FHA loans have mandatory mortgage insurance premiums. If you put down less than 10%, you’ll pay FHA mortgage insurance for the life of your loan — unless you refinance into a conventional loan after building at least 20% equity. Otherwise, you’ll only pay it for 11 years if you put down at least 10%.

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    Good News for Borrowers Paying FHA Mortgage Insurance

    FHA mortgage insurance is getting cheaper in 2023. As of March 20, the Federal Housing Administration (FHA) reduced its annual insurance premiums by 0.30 percentage points. That’s good news for the average FHA borrower, who will save around $800 per year as a result.

    Key features: 

    • Require just a 580 credit score to qualify for the minimum down payment amount
    • Include a mortgage insurance premium requirement for most borrowers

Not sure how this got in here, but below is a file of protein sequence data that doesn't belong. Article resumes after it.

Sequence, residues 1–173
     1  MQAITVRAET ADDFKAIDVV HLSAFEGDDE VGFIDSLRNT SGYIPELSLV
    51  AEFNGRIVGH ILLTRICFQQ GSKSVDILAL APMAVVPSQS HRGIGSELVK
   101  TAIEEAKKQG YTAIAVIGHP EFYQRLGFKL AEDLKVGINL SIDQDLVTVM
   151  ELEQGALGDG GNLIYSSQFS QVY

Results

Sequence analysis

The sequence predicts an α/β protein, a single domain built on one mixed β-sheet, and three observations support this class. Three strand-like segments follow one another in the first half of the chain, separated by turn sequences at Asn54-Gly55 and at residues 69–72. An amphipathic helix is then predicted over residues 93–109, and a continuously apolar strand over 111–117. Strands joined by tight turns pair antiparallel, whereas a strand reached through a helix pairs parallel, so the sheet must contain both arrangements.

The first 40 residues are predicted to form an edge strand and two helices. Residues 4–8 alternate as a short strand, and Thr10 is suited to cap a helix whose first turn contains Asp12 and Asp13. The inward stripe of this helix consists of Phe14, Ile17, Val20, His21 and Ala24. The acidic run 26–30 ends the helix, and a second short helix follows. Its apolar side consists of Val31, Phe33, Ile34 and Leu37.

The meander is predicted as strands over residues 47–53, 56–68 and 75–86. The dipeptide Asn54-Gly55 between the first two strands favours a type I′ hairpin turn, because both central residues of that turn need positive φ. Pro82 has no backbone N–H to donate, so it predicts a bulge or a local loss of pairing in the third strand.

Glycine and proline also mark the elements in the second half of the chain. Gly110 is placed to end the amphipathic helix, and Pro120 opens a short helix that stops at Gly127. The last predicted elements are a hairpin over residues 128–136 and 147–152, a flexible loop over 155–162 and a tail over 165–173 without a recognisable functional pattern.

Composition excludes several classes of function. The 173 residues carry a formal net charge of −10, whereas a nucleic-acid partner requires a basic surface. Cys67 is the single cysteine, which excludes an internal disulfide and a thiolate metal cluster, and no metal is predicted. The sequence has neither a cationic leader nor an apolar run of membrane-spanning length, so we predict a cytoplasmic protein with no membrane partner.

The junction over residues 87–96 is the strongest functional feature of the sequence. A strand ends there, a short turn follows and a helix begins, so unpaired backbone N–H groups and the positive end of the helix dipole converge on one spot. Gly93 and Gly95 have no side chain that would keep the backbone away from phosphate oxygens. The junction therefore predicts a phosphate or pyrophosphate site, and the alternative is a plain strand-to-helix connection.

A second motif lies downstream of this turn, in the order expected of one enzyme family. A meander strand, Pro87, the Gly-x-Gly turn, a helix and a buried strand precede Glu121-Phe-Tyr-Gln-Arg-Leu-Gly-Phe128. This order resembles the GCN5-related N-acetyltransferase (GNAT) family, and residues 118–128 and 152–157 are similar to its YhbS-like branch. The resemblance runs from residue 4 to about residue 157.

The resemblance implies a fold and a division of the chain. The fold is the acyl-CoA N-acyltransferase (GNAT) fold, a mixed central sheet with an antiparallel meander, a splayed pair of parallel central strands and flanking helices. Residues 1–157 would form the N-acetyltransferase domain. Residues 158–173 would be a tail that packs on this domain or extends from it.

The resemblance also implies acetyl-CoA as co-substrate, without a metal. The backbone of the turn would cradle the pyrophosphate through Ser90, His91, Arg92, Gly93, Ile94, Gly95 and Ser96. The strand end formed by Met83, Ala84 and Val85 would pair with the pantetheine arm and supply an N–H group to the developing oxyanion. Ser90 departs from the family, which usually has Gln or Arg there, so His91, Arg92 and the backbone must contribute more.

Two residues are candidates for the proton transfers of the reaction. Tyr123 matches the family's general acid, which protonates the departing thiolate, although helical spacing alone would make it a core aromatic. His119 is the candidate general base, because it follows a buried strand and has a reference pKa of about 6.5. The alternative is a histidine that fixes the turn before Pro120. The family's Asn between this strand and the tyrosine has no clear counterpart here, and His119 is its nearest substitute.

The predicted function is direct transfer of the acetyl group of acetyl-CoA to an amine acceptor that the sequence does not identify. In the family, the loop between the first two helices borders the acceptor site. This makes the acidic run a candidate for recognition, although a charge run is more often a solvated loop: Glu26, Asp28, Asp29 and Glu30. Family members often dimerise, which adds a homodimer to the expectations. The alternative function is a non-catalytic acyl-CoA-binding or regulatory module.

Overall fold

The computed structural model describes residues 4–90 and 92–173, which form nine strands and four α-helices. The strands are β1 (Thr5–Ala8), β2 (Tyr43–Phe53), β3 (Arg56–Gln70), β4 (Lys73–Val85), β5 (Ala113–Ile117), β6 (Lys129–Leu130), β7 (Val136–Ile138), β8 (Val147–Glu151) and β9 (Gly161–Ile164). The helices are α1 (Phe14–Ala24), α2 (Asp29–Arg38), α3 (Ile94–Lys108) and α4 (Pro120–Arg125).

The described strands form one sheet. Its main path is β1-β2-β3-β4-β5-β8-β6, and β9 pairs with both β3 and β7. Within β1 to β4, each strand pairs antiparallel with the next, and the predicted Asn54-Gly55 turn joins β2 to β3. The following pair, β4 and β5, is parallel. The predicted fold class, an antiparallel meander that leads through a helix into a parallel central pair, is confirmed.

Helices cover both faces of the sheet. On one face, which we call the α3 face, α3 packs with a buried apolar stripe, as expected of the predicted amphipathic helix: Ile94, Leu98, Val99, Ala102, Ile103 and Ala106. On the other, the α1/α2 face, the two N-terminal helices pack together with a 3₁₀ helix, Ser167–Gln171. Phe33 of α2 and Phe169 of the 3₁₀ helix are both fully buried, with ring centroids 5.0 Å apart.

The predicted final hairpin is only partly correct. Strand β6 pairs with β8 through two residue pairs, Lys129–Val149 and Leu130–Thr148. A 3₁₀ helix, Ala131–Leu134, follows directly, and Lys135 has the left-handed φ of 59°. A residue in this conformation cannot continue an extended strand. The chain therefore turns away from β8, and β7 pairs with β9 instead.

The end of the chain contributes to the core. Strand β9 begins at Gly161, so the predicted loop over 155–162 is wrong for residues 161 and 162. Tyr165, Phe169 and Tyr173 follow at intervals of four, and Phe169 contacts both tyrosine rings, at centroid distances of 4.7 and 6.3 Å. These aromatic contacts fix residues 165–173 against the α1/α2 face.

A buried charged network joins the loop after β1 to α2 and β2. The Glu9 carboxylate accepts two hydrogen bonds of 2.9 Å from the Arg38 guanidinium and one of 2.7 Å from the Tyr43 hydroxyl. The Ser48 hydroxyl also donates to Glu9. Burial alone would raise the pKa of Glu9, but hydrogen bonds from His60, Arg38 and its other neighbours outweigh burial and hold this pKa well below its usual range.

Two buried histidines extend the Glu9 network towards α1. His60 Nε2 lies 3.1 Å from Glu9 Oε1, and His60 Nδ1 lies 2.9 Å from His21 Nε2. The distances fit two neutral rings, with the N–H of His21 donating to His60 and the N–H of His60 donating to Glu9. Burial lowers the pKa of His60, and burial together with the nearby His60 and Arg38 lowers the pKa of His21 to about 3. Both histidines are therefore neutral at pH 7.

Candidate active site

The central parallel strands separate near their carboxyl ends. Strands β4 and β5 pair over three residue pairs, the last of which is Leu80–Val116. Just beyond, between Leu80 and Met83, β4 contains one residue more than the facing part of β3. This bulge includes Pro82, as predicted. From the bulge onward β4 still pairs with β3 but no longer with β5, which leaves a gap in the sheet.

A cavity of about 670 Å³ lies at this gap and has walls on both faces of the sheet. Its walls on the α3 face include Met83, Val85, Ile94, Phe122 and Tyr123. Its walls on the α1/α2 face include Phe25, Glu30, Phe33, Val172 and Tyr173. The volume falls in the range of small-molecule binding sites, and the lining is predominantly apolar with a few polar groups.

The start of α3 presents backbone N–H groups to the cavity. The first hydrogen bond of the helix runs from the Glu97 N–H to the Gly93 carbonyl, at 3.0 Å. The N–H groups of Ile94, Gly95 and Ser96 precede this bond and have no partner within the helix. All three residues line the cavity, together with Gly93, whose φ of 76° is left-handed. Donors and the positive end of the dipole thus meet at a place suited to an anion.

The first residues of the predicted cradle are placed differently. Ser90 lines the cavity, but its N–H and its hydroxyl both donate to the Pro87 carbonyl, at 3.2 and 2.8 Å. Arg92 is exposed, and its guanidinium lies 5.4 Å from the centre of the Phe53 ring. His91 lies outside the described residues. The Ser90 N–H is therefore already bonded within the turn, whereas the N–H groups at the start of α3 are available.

• Come with the ability to buy a multi-unit property with up to four units as a primary residence with just 3.5% down (and at least a 580 score)

    Ideal for: Borrowers with lower credit scores and access to minimal savings for a down payment.

    7. VA loans

    Military servicemembers, veterans and eligible spouses may qualify for a loan backed by the U.S. Department of Veterans Affairs (VA).

    In the vast majority of cases, VA loans don’t require a down payment. While the VA doesn’t have a minimum credit score requirement, VA lenders may expect to see a minimum 620 credit score. Additionally, the VA no longer has loan limits for borrowers who have never used their VA loan benefits or have paid their existing VA loans in full.